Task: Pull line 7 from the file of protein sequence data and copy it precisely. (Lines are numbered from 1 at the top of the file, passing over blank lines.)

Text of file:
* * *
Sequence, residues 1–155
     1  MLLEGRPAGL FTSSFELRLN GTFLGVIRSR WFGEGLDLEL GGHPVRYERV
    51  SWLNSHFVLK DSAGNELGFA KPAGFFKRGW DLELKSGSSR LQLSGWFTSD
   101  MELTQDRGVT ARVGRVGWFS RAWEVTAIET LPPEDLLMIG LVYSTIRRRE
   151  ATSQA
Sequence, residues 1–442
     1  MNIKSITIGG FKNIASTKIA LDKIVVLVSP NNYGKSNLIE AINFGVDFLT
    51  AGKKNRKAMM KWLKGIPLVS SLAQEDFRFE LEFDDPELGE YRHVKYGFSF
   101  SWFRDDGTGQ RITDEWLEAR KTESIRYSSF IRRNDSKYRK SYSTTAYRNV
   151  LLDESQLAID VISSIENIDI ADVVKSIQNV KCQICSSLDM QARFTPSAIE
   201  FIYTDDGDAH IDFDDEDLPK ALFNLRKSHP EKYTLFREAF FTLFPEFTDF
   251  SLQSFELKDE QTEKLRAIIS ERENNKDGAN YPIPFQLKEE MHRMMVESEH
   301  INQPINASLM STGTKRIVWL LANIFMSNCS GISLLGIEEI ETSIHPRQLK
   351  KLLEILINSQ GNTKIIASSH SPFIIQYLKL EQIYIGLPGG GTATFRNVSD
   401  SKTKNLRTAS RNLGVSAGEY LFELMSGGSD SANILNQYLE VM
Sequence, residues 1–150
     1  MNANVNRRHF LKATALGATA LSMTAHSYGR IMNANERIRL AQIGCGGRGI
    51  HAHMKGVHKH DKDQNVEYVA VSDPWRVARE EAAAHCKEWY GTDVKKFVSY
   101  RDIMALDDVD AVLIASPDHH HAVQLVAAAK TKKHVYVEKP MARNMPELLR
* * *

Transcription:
     1  MNIKSITIGG FKNIASTKIA LDKIVVLVSP NNYGKSNLIE AINFGVDFLT